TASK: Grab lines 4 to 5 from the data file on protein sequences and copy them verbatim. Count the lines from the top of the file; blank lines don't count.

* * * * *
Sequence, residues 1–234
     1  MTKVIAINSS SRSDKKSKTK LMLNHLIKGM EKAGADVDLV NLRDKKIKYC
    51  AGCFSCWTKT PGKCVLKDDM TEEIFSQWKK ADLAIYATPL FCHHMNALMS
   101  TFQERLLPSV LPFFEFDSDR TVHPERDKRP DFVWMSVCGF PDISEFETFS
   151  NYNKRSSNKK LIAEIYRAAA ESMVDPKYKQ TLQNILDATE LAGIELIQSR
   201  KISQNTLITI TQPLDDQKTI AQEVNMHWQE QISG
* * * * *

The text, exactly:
   101  TFQERLLPSV LPFFEFDSDR TVHPERDKRP DFVWMSVCGF PDISEFETFS
   151  NYNKRSSNKK LIAEIYRAAA ESMVDPKYKQ TLQNILDATE LAGIELIQSR